• Symbols (to convey stories and messages for the next generations)  This pole represents the importance of transferring knowledge from one generation to the next. It shows various meeting places with people sitting around them sharing knowledge of how to live off the land.  It encompasses the importance of all communities spending time together and the passing down knowledge from the elders to the younger generation. This has been crucial for Indigenous people in maintaining traditional customs, rituals and dreaming stories.
  • Water (the lifeblood of our land). Water is the core to life for Aboriginal people, exactly like the rest of the human race. Caring for the water is a cultural responsibility and involved spiritual relationships with both the water and its inhabitants. Some aboriginal groups also have songlines and sacred places located in the water. Water needs to be protected today for future generations.
  • Rainbow Serpent (a powerful symbol in Aboriginal culture) - perhaps the most well-known and oldest Aboriginal dreamtime story continues to be a cultural influence today. There are many stories and names associated with the Rainbow Serpent which demonstrates its importance and prevalence across different Aboriginal groups. When a rainbow is seen in the sky, it is said to be the Rainbow Serpent moving from one waterhole to another.

'Street Stories' by John Denlay



A placemaking pilot project where neighbourhood stories are presented into concrete curbing.  It involves writing short stories / poems into the face of the kerb when the concrete is poured.  Historically people have opportunistically left their mark in the wet concrete. Street stories looks to utilize this simple form as public art to create a greater sense of place for a local neighbourhood.  The pilot includes selecting a street scheduling for upcoming kerbing work, canvassing neighbourhood interest, community engagement, development of story, community review and installation.

Gladys Street residents have embraced the opportunity to share stories from their street as part of a unique community art project.

'Street stories' is the brainchild of artist and Mitcham hills resident John Denlay, who was awarded a City of Mitcham Public Arts Grant as part of the 2019/2020 Grant Round to etch stories into new kerbing.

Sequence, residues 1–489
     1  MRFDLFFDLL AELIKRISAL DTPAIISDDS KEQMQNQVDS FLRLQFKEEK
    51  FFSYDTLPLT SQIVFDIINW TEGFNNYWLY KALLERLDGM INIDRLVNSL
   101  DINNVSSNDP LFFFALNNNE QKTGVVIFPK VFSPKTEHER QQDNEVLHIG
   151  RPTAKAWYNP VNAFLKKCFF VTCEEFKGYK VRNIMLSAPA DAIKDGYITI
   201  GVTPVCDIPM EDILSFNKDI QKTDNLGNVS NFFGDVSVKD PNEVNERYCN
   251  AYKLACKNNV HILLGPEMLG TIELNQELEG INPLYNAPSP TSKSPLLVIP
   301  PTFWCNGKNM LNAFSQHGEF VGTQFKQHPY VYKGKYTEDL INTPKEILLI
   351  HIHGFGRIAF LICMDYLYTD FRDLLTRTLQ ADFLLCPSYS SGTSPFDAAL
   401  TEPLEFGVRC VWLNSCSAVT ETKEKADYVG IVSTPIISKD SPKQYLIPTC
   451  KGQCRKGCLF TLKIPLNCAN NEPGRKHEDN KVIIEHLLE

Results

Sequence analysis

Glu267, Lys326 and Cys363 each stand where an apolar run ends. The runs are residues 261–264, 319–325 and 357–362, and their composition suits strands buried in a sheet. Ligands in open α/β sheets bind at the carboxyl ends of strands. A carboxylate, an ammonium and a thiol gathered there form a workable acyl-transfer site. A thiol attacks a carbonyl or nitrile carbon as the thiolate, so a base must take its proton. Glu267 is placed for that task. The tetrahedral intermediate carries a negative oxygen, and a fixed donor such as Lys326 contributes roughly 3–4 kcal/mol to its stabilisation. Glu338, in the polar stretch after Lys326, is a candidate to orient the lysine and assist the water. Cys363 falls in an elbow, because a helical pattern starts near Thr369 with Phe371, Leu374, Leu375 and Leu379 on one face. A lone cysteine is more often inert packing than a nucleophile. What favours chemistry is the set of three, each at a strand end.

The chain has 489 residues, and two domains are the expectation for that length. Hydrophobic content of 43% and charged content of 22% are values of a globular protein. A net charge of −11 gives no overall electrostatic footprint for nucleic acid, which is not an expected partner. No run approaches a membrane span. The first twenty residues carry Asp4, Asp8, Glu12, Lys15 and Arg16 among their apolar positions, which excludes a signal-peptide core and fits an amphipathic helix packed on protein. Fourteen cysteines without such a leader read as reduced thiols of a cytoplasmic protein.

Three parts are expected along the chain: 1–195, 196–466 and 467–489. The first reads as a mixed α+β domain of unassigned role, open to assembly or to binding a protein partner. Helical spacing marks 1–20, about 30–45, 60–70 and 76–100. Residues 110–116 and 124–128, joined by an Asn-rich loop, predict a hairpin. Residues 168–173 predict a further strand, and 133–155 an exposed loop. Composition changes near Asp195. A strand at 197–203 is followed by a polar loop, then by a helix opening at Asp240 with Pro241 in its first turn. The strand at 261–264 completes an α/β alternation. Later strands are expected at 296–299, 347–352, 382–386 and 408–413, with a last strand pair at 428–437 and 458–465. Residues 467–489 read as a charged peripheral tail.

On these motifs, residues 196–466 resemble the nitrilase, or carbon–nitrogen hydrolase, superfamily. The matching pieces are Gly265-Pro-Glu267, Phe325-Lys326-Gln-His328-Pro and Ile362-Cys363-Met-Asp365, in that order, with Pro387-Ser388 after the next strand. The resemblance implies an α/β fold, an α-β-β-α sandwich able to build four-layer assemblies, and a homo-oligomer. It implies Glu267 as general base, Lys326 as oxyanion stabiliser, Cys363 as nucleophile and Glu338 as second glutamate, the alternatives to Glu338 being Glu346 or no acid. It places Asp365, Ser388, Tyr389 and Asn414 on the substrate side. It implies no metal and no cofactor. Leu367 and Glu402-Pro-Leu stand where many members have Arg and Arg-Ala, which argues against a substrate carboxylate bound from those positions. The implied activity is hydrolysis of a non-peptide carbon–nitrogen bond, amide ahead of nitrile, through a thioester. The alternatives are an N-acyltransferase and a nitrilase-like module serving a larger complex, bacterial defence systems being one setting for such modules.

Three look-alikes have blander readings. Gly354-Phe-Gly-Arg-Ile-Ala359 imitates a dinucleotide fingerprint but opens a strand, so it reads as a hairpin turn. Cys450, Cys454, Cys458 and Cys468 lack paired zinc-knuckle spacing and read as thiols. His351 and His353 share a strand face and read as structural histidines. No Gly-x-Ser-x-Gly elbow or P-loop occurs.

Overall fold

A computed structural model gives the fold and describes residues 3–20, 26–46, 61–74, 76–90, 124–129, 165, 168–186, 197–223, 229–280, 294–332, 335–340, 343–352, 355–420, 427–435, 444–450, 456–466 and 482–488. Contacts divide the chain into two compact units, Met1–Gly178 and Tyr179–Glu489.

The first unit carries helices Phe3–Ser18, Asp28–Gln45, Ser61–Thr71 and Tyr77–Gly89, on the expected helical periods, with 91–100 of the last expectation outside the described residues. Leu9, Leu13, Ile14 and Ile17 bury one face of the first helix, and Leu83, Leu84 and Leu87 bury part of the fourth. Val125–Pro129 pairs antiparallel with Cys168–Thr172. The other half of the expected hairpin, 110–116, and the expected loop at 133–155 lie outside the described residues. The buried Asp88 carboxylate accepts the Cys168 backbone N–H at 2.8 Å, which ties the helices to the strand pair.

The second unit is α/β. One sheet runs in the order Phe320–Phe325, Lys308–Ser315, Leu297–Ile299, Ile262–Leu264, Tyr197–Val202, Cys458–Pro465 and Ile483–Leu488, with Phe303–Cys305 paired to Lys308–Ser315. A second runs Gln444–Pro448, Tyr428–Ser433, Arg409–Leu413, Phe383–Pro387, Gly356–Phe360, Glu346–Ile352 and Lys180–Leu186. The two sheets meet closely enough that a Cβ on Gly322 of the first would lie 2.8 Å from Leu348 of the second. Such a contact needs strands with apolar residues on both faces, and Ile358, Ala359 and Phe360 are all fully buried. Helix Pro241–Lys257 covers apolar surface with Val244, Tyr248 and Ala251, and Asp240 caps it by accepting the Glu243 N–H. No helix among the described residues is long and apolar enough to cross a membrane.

As part of the project, John met residents to find out more about the street and its history as a working orchard.

Six stories were condensed into snippets to be drawn into wet concrete during road renewal works. One story tells of a resident who used to collect fruit and vegetables from her neighbours to make jam and preserves.

"I enjoyed hearing from residents about how much they value good neighbours, and how good neighbours create a sense of family in a neighbourhood."

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Street Stories

Public Art Grants Round 2 2018/2019

The Public Art Grants were awarded to:

Joel Van Moore - Torrens Park Pump Station



More than 60 litres and 120 spray cans of colourful paint is now decorating SA Water’s historic Torrens Park Pump Station as part of our Public Art Grant. Situated next to the Torrens Park Railway Station on Belair Road, the station’s three public-facing walls have been given new life by influential South Australian and local resident of Mitcham artist Joel Van Moore. Joel has travelled the world painting public artworks for more than two decades and is the current Artistic Director of the Wonderwalls Festival in Port Adelaide was overwhelmed by the positive feedback her received from the community.

Joel Van Moore aka Vans the Omega spent two weeks painting the three sided mural on the corner of Blythewood and Belair Roads on the SA Water owned Torrens Park Pump Station. The artwork design across the three public-facing walls incorporates unique elements common to the local community including images of the nearby Brownhill Creek Catchment, the native Purple Crowned Lorikeet and parts of the pumping infrastructure from inside the station itself. The mural also features a young girl, Violet, on the northern façade as a representation of the bright future of the Mitcham area. Also featuring on the mural is Metropolitan Facilities Manager Richard Mayger, who has been a dedicated member of the SA water industry for more than 45 years.